Mayor Walsh, City of Boston Disability Commission release annual report
May 22, 2017
Mayor Martin J. Walsh today announced the release of an annual report compiled by the City's Commission for Persons with Disabilities, which outlines the City's work over the past year to increase equity for residents with disabilities. The report was presented as part of the seventh annual Community Forum on Disability Issues, which was attended by over 100 individuals with disabilities, caregivers and professionals in the disability field. Of these attendees, at least a third had never been to an event hosted by the Commission before.
"It's important that City Hall and all spaces in the City of Boston are accessible and inclusive places for all residents and visitors," said Mayor Walsh. "I commend the Disability Commission, and all who contributed to the report, for their work to improve the lives of Bostonians."
"It's important to keep the public informed about our ongoing work toward improving accessibility and inclusion in Boston for people with disabilities," said Boston Disability Commissioner Kristen McCosh. "This report outlines all the progress we've made, and outlines how Boston will continue to advocate for all."
Improvement highlights include:
- Accessibility Upgrades to City Hall
- The Disability Commission provided technical assistance and suggestions to renovations to City Hall Plaza;
- Upgrading restrooms for ADA compliance; redesigning the main lobby with an accessible coffee kiosk; and undergoing a complete renovation of the City Council Chamber for full accessibility;
- ADA Compliance for events on City Hall Plaza.
- Community Events
- Hosted ADA Celebration Day to mark the 26th anniversary of the signing of the ADA;
- Held 6th annual Disability Community Forum at Boston City Hall;
- Hosted Disability Mentoring Day;
- Held first-ever Civic Engagement Day to assist residents with disabilities to get connected with their local government in City Hall.
- Outreach and Engagement
- Through the help of a Harvard Rappaport Fellow the Commission will be creating an Accessibility Priority Survey. The survey will help the Disability Commission determine the needs of people with disabilities who live, work, and visit Boston.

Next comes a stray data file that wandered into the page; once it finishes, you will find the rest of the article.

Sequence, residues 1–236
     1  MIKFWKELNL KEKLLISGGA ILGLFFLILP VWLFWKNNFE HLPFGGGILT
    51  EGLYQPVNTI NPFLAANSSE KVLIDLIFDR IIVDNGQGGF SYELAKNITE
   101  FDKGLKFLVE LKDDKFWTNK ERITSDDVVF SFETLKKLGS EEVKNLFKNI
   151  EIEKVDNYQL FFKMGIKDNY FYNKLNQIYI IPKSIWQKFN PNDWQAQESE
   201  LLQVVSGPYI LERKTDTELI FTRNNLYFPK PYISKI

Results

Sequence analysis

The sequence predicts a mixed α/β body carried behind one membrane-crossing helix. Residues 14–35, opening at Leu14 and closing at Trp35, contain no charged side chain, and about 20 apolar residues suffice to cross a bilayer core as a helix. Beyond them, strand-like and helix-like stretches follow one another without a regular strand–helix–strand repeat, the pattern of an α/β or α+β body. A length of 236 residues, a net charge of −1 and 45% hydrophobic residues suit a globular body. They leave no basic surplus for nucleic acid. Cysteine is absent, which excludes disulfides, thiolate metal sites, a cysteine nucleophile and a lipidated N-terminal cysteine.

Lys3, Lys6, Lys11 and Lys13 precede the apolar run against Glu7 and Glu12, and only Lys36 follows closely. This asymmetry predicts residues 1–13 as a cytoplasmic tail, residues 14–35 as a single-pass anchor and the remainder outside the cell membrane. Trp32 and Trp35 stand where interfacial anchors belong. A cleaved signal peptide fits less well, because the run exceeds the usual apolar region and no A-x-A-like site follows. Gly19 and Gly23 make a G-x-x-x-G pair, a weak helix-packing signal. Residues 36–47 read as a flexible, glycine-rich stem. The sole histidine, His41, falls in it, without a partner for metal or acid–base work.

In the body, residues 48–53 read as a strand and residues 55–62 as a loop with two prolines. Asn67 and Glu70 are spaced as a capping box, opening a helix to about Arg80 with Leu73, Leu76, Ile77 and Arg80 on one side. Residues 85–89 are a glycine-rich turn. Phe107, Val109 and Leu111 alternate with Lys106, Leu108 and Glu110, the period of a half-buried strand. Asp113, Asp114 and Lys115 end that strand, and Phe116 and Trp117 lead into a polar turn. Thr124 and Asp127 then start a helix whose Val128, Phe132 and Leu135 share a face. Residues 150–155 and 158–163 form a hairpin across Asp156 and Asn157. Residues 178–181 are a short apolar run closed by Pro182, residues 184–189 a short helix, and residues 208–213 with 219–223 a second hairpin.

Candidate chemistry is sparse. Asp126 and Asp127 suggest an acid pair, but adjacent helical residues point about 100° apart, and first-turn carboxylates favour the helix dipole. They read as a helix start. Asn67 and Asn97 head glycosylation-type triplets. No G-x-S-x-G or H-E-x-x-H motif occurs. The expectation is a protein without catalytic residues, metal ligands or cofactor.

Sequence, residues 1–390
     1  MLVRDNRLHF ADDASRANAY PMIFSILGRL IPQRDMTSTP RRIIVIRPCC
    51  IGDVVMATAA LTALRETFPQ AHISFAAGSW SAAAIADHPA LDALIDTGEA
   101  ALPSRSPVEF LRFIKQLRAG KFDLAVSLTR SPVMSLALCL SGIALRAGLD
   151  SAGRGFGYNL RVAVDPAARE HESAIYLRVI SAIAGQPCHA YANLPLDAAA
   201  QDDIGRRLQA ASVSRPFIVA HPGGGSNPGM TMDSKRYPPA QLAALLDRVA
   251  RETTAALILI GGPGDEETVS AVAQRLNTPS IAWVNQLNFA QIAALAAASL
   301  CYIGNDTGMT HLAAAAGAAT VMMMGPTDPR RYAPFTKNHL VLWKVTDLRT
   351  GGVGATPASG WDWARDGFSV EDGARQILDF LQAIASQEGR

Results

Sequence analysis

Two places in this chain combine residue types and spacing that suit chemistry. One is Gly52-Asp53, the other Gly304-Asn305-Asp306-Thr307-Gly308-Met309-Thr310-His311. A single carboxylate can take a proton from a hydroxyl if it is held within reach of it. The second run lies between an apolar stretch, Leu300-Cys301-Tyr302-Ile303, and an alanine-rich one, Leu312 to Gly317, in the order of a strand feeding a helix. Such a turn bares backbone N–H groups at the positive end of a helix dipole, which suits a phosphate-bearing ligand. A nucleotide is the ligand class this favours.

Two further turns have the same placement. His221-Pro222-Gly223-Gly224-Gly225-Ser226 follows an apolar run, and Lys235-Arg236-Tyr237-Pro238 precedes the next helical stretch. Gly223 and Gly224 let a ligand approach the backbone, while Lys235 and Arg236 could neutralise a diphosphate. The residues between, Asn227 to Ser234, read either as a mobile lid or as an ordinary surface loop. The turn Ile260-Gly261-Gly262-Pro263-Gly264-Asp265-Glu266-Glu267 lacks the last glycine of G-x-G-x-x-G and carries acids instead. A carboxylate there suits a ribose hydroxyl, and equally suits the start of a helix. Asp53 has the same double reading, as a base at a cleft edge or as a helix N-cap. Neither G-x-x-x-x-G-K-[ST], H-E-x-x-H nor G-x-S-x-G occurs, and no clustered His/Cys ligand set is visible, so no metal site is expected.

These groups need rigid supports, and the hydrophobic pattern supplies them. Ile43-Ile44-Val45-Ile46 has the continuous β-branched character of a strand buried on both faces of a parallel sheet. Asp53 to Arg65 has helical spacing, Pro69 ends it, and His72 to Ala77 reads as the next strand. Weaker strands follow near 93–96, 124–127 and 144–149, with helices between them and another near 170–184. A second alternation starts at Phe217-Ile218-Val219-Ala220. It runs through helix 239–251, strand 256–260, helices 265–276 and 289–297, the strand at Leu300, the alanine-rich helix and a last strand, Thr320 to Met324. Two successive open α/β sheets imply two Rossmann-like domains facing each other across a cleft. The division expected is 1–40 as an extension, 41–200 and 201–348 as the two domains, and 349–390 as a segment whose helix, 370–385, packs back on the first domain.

- Communications Access
- Mayor Walsh signed the Communications Access Ordinance. This ordinance provides a structure for the City to provide language services regardless of language needs or disability.
- Deaf Task Force
- Tax Preparation for deaf constituents;
- The Deaf Task Force hosted a workshop for the Deaf Community on credit scores, the first workshop of its kind to be put on for this community in partnership with the City of Boston.
- Disability Commission Advisory Board
- Worked with state legislature and City Council to increase the number of seats on our Board from 9 to 13, to allow broader representation of neighborhoods, disabilities, and ethnicities.
- Voting Access
- Worked closely with the City's Election Commission to prioritize accessibility in the first Early Voting initiative in Boston's history.
- Participated in training organized by the Elections Commission to train poll workers to be "Accessibility Ambassadors" at their local precincts during elections.
- Web Access
- Provided technical assistance and user input to web team as they designed a new website. The new City of Boston website was designed with ADA access as a focal point, and is the first major overhaul of the City's website since it was created.
"Along with the other members of the Disability Advisory Commission I have enjoyed collaborating with Mayor Walsh and Commissioner McCosh. It was key to have the full support of the administration as we worked to improve the city's many programs, services and activities for people of all abilities," said Carl Richardson, Acting Board Chair. "We look forward to doing even more of this in the future, and I am personally very excited about our current projects, projects that will continue to provide access in Boston."